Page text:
“If an artist can paint a picture of a landscape – art mimicking nature – then why not a sculptor creating a landscape of a work of art – nature mimicking art?”
— James T. Mason, sculptor and creator of the topiary interpretation of George Seurat’s famous painting
Undoubtedly one of the most unusual topiary gardens anywhere, Topiary Park is landscape art based on actual art, specifically a famous painting.
In 1988, artist and sculptor James T. Mason proposed that Georges Seurat’s landscape painting — “A Sunday on the Island of La Grand Jatte”— be recreated in topiary within the seven-acre Old Deaf School Park located in downtown Columbus, Ohio and in 1992, Topiary Park was dedicated. Apparently, Mason’s wife requested that he build a topiary sculpture in their back yard. Instead, Mason came up with idea of interpreting Georges Seurat’s famous painting in topiary. His wife, who worked at the Columbus Recreation and Parks Department, brought the idea to the director, who “embraced the concept.”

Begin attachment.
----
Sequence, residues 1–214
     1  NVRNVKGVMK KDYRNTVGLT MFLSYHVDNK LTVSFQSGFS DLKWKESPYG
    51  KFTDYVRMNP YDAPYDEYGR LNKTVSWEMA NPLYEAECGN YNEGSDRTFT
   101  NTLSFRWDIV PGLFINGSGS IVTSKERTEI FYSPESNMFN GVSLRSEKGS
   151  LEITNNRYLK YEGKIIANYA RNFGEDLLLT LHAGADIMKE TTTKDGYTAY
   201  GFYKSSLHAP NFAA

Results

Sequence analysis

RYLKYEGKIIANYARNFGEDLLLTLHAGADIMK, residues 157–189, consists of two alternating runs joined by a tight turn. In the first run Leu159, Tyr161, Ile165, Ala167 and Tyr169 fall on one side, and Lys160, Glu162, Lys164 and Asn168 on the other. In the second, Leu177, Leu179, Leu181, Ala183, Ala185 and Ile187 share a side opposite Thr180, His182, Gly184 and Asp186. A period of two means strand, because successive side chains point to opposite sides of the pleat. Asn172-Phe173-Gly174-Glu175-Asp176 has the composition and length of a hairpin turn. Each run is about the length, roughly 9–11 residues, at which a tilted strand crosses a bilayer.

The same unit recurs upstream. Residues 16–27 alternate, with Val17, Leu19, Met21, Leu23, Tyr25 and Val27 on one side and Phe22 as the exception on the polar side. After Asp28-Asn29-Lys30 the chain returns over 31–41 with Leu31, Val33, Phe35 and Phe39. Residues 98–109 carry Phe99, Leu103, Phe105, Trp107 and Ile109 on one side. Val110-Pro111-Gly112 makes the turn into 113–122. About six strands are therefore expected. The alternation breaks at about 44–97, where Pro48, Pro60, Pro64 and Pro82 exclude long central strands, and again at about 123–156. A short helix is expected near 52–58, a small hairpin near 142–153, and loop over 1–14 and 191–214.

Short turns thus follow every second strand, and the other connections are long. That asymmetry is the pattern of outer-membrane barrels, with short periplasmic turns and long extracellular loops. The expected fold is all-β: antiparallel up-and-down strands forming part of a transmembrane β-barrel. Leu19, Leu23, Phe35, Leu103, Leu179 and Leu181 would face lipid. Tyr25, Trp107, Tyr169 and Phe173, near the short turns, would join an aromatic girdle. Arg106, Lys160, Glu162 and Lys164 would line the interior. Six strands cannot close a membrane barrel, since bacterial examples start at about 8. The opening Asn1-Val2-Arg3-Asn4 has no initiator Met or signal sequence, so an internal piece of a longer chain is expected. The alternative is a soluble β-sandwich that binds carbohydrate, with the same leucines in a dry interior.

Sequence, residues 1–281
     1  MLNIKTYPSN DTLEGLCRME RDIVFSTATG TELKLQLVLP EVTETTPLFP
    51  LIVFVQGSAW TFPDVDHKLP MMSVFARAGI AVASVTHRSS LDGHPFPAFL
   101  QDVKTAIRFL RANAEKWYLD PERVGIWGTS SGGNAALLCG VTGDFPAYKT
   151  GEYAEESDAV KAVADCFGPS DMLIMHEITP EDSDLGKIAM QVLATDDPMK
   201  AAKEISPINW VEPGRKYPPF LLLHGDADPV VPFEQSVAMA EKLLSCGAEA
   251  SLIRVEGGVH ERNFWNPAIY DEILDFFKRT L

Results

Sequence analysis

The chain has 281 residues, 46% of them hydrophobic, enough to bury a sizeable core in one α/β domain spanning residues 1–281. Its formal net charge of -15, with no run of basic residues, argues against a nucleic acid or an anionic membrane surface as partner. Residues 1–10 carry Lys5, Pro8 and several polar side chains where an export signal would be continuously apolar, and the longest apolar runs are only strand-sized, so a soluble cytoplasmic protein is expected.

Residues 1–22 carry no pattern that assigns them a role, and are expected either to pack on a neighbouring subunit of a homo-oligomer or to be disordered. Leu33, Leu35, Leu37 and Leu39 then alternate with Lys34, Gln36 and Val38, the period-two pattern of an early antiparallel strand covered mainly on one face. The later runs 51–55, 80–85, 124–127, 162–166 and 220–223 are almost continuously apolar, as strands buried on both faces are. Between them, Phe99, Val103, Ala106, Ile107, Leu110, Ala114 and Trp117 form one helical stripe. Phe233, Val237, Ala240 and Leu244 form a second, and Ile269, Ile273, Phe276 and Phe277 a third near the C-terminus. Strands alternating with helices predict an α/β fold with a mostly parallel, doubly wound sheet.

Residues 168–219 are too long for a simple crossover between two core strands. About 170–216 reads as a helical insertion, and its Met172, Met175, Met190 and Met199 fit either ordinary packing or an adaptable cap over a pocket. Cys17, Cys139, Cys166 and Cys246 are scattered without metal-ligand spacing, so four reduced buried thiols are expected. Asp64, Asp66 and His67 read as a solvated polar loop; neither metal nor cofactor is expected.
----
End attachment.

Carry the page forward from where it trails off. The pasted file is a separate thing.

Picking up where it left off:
Background: The Park is at the site of the original Ohio School for the Deaf, which opened in 1834. In 1953, the Ohio School for the Deaf moved to its present location and the City of Columbus turned the 7-acre site into a park. Mason constructed the bronze frames and planted the shrubs, and his wife Elaine was the first topiarist.
This unique topiary tableau comprises 54 human figures, eight boats, three dogs, a monkey and a cat – each made of yew, with the tallest standing at 12 feet. The scene also includes a man-made pond to represent the river seine, where boat-shaped topiaries reside next to beautiful water lilies
PhotosCcourtesy of Friends of the Topiary Park
Website: Topiary Park